Tuesday, February 10, 2009

Shotgun Stories

Channeling David Gordon Green and using his cinematographer, Shotgun Stories is an excellent breakout film by Jeff Nichols about two sets of sons of a now-reformed alcoholic bastard of a father, who finally meet. At first it sounds like a redneck joke, but give it a chance. Michael Shannon plays Son- wearing scars from a shotgun blast on his back and simmering with unrequited rage. His brothers are Boy- a likeable basketball coach who lives, as they say, in a van down by the river- and Kid, the youngest and most lost of the three. He lives in a tent on Son's lawn. But he's got a girl he wants to marry someday. Their names make evident how little they were cared about by their runaway father and their "hateful woman" of a mother. We meet them through quiet, muted vignettes of their poor, common lives- working at fish farms, trying to run an air conditioner off a car battery, holding court on the front porch. It could be a joke on Arkansas if it wasn't handled by someone who grew up there.
One day mom shows up to tell them their Dad has died. In a brief scene we learn all there is to know about their past. "When's the funeral?" "You can find out in the paper." "You going?" "No." Well, Son and his bothers do go, and find their father's new family grieving over his coffin. Son says that whatever good he did after he left them will never erase all the wrongs he committed, and spits on the corpse, sparking a blood feud. The "new family" only knew a loving father, and is outraged; the first set of boys only knows an abusive monster.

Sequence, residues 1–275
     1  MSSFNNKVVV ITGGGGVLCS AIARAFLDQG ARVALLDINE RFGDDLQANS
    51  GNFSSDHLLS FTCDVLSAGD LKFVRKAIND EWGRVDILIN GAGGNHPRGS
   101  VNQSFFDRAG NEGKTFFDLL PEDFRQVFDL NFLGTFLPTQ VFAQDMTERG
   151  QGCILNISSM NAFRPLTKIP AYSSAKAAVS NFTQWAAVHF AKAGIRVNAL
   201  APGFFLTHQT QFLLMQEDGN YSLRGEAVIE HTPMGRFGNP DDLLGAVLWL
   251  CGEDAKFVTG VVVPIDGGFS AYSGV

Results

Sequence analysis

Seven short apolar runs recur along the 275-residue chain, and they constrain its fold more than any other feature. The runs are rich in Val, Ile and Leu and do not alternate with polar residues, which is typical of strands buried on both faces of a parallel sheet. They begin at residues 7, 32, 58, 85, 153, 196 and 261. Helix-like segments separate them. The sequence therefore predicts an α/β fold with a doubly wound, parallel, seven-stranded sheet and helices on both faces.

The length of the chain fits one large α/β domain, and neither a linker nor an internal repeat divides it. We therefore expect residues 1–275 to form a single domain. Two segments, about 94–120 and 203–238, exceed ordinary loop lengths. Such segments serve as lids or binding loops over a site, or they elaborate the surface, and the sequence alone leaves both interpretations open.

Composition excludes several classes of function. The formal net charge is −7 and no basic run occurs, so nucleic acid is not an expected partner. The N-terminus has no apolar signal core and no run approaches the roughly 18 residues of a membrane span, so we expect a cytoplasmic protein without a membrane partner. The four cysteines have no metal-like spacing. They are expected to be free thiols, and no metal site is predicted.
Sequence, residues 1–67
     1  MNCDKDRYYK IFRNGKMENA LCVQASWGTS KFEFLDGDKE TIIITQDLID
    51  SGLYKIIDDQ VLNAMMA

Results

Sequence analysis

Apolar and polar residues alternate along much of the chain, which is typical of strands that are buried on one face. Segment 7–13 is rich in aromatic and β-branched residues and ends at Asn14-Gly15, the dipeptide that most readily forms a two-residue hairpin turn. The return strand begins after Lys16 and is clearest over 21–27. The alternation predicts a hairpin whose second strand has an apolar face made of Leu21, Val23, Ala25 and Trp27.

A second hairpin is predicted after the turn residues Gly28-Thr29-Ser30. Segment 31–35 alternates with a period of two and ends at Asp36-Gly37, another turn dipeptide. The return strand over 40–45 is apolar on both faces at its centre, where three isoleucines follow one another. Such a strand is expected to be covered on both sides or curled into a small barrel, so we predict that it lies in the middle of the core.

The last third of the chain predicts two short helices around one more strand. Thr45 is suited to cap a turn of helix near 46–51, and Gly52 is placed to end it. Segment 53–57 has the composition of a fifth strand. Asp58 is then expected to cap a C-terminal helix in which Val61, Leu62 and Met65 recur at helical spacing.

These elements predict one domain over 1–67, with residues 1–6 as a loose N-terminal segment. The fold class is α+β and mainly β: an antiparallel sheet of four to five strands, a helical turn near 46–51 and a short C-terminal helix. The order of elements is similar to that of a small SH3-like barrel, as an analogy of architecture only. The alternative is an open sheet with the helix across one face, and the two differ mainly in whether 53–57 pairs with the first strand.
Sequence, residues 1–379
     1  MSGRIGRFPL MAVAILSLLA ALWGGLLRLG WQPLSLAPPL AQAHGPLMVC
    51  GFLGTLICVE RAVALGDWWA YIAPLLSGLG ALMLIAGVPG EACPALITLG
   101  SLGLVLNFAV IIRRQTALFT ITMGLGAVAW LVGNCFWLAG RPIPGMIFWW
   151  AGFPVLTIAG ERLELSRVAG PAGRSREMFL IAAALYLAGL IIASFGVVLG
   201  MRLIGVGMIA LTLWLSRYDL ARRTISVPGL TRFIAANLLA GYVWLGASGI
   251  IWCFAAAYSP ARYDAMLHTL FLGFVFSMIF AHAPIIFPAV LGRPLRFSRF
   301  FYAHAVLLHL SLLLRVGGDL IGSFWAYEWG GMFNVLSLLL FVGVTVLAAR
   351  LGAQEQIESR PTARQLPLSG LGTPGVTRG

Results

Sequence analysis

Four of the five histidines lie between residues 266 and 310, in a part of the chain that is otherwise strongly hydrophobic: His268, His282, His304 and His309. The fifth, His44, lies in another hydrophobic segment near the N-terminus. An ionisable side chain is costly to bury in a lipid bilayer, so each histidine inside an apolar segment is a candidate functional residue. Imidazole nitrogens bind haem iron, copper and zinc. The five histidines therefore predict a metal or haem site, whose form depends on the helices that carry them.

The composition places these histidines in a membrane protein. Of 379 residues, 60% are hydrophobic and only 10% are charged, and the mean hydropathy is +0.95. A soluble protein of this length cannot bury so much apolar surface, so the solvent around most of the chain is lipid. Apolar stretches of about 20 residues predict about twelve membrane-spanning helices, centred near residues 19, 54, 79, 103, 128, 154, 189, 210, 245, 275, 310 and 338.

It does not spiral into a revenge or rednexploitation film from here, even though it easily could. If anything, it resembles the excellent Dead Man's Shoes, but is much more reserved. Amazingly, first time actors- especially "Boy," and "Shampoo," a local instigator who seems to treat the two sets of sons like ants to make fight- hold up to Michael Shannon's organic ability and piercing eyes. If you thought he stole the show in Revolutionary Road you owe it to yourself to rent this.
Like Green's All the Real Girls and George Washington, Nichols' Shotgun Stories deftly captures the feeling of small town rural life, and makes us pay fierce attention to its subtle maneuverings. This is one of the best overlooked films of last year and encapsulates the pain of being wronged, and the difficulty of coming to peace with it. The film does not end as you might expect, and even when no one's inner rage is bursting forth, it's a good time sitting with these boys. And if you pay close attention, you'll learn the shotgun story.

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